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 Posted:   Jul 7, 2013 - 9:16 PM   
 By:   aldan   (Member)

But a little of it, is Zimmer's original creation, only a litte

Aside from William Tell, the other most important theme from the movie, heard in its entirety in "silver" track, is fully based on "After The Battle of Aughrim", with much slower tempo, and some missing/altered notes. Which is a shame, because it's ranger+silver main theme

 
 
 Posted:   Jul 7, 2013 - 10:06 PM   
 By:   Bob Bryden   (Member)

Just in from seeing the film. Not nearly as bad as the critical consensus might suggest and I hate to say it - but despite a few obvious Morricone-isms, Zimmer has created a wonderful musical score.

 
 Posted:   Jul 7, 2013 - 11:03 PM   
 By:   Josh   (Member)

Just in from seeing the film. Not nearly as bad as the critical consensus might suggest and I hate to say it - but despite a few obvious Morricone-isms, Zimmer has created a wonderful musical score.


"I hate to say it," he says.

Don't be ashamed, Bob. Embrace your inner Zimmer.



"One of us! One of us!"

 
 
 Posted:   Jul 8, 2013 - 12:26 AM   
 By:   CindyLover   (Member)

Obviously, Intrada had high hopes that this would be another high-profile smash like "The Avengers" was last year. But alas, the film is a monumental flop. Probably not a big problem for Intrada -- they don't have to make up hundreds of millions of dollars. But a shame for them that they can't hitch their wagon to a smash film.

Oz The Great And Powerful was hardly a dud with almost $500 million (domestic + international).

 
 
 Posted:   Jul 17, 2013 - 11:18 PM   
 By:   joan hue   (Member)

I wasn’t really very enamored Man Of Steel, the movie or the music, but I must say
that I did enjoy many parts of The Lone Ranger. I also like the music. Some of you have
referred to Morriconeisms or spaghetti western references. I’m really not sure how to word
this. Where I heard Morricone was in the underlying orchestrations for one of Zimmer’s
main themes. His theme didn’t sound like Morricone, but his background, swirling
orchestrations reminded me of his music from One Upon A Time In The West. I’m
specifically referring to the music near the end during the stand-off between Fonda and
Bronson. Even my husband sensed some previous musical reference.

I also loved the way he used The William Tell Overture. After it played a while, Zimmer
once again kept the Overture’s underlying rhythms and orchestrations while
layering his theme on top. I thought it was very effective.

Did anyone see or recognize a homage scene or reference scene (not music) to
John Ford’s The Searchers? I’m now wondering if there were other scenes and possibly
music in The Lone Ranger that referenced other past movies that I missed?

 
 Posted:   Jul 18, 2013 - 3:52 PM   
 By:   The Mutant   (Member)

I think The Searchers homage was during the moments right before the assault on the homestead by the fake Indians. It seemed to be similar visually.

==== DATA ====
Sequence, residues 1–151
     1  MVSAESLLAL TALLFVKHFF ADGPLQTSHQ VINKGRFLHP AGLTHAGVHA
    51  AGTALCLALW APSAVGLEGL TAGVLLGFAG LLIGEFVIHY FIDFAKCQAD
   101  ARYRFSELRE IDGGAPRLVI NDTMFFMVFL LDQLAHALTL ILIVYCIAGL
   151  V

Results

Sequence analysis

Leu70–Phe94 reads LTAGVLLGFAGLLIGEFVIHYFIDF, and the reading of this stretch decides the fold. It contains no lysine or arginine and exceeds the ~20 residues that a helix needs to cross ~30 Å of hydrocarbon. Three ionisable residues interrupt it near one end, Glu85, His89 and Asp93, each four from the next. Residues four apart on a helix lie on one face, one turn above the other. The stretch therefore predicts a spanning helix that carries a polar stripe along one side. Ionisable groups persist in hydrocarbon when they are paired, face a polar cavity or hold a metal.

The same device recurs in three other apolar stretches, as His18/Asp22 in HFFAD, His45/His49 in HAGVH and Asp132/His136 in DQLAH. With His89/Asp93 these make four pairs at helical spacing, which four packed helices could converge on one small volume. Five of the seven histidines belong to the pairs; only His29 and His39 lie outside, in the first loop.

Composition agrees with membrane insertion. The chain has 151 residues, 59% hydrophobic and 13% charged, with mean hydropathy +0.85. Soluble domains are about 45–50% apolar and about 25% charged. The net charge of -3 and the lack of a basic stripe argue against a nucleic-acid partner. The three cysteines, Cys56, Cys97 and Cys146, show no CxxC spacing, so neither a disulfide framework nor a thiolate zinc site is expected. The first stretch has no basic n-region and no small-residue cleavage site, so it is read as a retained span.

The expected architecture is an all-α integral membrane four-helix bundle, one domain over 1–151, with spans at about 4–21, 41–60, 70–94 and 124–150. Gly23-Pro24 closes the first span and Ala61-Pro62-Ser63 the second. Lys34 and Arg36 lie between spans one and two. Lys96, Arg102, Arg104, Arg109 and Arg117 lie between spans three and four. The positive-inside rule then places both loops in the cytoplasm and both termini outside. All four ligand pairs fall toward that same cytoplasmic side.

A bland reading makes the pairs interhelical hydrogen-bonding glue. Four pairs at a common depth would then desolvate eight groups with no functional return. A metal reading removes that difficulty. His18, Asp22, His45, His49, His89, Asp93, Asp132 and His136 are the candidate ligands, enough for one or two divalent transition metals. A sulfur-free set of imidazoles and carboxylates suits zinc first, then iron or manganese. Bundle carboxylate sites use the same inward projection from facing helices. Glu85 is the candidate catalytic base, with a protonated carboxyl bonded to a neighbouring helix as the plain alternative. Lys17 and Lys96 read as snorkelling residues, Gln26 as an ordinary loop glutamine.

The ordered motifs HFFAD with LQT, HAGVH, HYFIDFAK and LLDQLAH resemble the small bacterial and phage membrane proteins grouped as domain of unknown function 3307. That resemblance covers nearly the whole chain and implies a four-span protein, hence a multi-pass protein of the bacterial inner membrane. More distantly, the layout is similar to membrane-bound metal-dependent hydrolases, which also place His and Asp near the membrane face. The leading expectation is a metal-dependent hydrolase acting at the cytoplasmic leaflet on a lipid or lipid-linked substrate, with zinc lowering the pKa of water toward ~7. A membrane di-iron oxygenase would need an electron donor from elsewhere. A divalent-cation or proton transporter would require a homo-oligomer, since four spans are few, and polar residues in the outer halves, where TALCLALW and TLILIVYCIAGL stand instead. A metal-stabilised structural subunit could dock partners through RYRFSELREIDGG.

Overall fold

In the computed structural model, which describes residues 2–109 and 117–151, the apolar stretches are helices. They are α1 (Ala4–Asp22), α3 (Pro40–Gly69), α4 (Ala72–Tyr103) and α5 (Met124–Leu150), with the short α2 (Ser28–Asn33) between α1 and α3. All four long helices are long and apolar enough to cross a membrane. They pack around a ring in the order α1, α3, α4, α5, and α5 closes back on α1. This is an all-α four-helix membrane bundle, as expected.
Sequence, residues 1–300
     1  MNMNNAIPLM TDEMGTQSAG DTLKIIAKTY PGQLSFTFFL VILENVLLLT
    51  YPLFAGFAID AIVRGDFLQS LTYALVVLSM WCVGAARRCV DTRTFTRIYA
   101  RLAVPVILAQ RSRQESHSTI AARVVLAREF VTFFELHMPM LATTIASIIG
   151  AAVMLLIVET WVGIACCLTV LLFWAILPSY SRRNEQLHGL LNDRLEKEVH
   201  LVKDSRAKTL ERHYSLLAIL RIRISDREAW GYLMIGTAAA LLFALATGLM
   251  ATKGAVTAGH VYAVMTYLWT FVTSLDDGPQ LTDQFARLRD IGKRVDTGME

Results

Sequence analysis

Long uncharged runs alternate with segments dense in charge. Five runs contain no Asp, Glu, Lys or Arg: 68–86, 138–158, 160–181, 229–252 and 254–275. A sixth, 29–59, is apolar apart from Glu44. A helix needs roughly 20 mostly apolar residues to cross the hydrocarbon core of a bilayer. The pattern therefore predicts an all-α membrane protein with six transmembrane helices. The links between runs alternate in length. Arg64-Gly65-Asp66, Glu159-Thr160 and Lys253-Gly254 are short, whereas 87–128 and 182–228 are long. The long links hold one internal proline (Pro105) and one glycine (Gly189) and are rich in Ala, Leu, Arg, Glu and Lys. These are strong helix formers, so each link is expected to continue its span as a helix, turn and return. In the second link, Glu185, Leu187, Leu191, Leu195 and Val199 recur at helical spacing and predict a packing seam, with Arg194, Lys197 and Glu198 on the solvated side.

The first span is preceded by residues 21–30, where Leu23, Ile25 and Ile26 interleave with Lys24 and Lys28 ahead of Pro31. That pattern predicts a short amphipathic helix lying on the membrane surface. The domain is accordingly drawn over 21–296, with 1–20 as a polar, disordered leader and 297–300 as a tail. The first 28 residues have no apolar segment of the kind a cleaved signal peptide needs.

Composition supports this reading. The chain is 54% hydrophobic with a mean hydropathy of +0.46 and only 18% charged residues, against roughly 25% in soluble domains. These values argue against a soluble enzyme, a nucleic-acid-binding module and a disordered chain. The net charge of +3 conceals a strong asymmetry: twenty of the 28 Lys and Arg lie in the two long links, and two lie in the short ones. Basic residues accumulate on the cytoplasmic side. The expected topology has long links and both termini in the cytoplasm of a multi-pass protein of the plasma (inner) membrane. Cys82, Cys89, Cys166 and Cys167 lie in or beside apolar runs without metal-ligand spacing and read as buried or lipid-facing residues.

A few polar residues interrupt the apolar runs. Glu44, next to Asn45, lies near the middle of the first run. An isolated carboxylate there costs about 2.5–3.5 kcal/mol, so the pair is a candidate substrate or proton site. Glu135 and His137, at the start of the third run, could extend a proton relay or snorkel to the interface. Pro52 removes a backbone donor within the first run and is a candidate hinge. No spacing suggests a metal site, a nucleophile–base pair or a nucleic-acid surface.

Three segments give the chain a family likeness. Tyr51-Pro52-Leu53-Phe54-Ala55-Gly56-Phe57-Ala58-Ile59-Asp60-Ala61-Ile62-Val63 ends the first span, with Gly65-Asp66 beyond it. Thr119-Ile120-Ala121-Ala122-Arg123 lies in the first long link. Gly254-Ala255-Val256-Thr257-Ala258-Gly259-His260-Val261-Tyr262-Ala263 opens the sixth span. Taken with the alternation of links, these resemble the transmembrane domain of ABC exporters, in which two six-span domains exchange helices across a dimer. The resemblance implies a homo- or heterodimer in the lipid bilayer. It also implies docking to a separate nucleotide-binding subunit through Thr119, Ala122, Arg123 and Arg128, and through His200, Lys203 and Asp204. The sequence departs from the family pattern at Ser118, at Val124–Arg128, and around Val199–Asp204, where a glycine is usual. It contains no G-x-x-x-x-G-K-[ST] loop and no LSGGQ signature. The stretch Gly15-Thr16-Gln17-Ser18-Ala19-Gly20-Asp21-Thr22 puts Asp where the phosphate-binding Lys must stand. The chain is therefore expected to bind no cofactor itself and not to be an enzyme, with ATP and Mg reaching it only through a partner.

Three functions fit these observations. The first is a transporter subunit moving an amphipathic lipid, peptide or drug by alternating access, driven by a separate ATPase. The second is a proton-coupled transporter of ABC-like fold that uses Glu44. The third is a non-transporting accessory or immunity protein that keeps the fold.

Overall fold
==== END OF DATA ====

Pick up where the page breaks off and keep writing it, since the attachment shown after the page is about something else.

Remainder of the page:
Posted:   Jul 18, 2013 - 4:00 PM   
 By:   JamesSouthall   (Member)

In response to literally no public demand whatsoever, I wrote a review of this score:

http://www.movie-wave.net/?p=3787

 
 Posted:   Jul 18, 2013 - 4:24 PM   
 By:   The Mutant   (Member)

In response to literally no public demand whatsoever, I wrote a review of this score:

http://www.movie-wave.net/?p=3787



Cool. I loved the score and flick.

 
 
 Posted:   Jul 18, 2013 - 5:23 PM   
 By:   joan hue   (Member)

I always enjoy James' music reviews, and I agree with all that you wrote. Thanks for posting it. I may have missed it earlier.

Mutant, you get an A+. That is the same scene that I thought was The Searchers' scene homage.

 
 Posted:   Jul 18, 2013 - 6:25 PM   
 By:   The Mutant   (Member)

I always enjoy James' music reviews, and I agree with all that you wrote. Thanks for posting it. I may have missed it earlier.

Mutant, you get an A+. That is the same scene that I thought was The Searchers' scene homage.


That's the first time I've gotten an A+ in anything! big grin

 
 
 Posted:   Jul 18, 2013 - 10:48 PM   
 By:   Tall Guy   (Member)

In response to literally no public demand whatsoever, I wrote a review of this score:

http://www.movie-wave.net/?p=3787



Great review - I wish you could meet my old mum, because she might realise that i'm actually not that sarcastic after all.

You also made me want to hear the score. I don't know if that was your intention.

TG

 
 
 Posted:   Jul 18, 2013 - 11:44 PM   
 By:   Tango Urilla   (Member)

Great to hear all the positive buzz about Lone Ranger. Sounds like it's one heck of a score. I wasn't planning on seeing the movie, but I'll definitely check out the music at some point.

 
 
 Posted:   Jul 19, 2013 - 3:28 PM   
 By:   Bob S   (Member)

Is this where I put in a shameless, gratuitous plug for John Barry's THE LEGEND OF THE LONE RANGER (1981)? I just watched the (excrable) old Lionsgate DVD (looks like a transfer from pan/scan VHS tape) and found the film not nearly so bad as its unsavory reputation. It has a couple nice set pieces and supporting actors like Christopher Lloyd (with hair!) and Jason Robards. It's a solid B Movie Western released at a time when Westerns had already long been out of favor.

Maestro Barry's music is exciting and a pleasure to listen to, and his interweaving of the obligatory Rossini skillful indeed.

We need this pre-DANCES WITH WOLVES Barry western on CD. In the best of all possible worlds, Twilight Time would bring us a clean, widescreen Blu-ray transfer of the film with isolated music tracks.

 
 Posted:   Jul 20, 2013 - 12:44 AM   
 By:   McD   (Member)

In response to literally no public demand whatsoever, I wrote a review of this score: